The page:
In a post over on The Calvinist International, I interact with Aimee Byrd’s recent First Things article, ‘The Taming of the Beau‘ and argue against the ideological turn in some quarters of contemporary complementarian thought. Biblical teaching regarding men and women is primarily descriptive of the natural differences between the sexes: its vision for relations between the sexes always remains firmly grounded in the way that things are.
[T]he focus in the biblical teaching on sex is less upon gender roles and rules than it is upon the fact that men and women are created differently, for different purposes, with different strengths, and with different natural orientations. The teaching is principally descriptive, rather than prescriptive: men and women have different callings because they were created as different ‘genres’ of human being. For instance, the fact that, across ages and human cultures and down to the present day, men have dominated in the exercise of direct social power is not a result of ideology or even of sin, even though in our world it is invariably adumbrated and attended by both respectively. In speaking of man as the ‘head’, Scripture isn’t primarily saying that the man should be the head: it is saying that the man is the head. Although such statements are not merely descriptive, we should never miss the descriptive force that lies at their heart.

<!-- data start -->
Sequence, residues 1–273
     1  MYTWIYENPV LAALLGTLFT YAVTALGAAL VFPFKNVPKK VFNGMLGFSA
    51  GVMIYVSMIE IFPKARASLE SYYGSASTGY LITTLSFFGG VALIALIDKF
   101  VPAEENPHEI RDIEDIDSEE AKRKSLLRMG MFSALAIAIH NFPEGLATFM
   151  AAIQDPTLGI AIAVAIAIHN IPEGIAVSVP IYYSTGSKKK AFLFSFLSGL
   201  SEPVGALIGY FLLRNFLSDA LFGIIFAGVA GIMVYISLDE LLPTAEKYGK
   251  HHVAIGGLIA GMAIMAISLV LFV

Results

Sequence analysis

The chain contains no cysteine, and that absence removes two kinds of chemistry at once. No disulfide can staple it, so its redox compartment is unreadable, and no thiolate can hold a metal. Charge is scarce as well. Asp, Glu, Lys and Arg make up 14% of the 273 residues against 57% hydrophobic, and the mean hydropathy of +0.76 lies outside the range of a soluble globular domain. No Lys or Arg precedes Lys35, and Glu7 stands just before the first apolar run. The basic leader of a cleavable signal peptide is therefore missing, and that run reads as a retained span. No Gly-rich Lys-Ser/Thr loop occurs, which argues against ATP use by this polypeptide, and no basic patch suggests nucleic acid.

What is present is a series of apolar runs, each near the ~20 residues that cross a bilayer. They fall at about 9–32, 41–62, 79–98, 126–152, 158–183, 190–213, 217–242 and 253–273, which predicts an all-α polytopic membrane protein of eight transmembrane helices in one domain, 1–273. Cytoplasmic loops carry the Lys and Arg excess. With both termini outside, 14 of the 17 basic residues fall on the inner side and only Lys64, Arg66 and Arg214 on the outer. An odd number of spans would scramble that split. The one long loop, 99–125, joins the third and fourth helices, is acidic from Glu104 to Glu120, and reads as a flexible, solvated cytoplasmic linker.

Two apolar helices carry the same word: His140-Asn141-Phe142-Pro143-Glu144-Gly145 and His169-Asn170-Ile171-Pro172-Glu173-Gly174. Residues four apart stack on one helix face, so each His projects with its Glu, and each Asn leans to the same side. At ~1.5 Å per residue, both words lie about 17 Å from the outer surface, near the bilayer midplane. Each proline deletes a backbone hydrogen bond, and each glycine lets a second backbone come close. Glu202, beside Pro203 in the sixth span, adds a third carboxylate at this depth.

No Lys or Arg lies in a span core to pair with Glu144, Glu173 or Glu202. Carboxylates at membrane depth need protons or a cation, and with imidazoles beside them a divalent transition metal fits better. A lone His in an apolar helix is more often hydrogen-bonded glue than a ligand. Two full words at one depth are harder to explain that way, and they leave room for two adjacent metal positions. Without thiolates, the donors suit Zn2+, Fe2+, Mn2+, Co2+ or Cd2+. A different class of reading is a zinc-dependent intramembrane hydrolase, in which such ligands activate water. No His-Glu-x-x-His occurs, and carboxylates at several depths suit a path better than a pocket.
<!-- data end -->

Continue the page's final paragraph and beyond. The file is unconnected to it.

Read the whole thing here.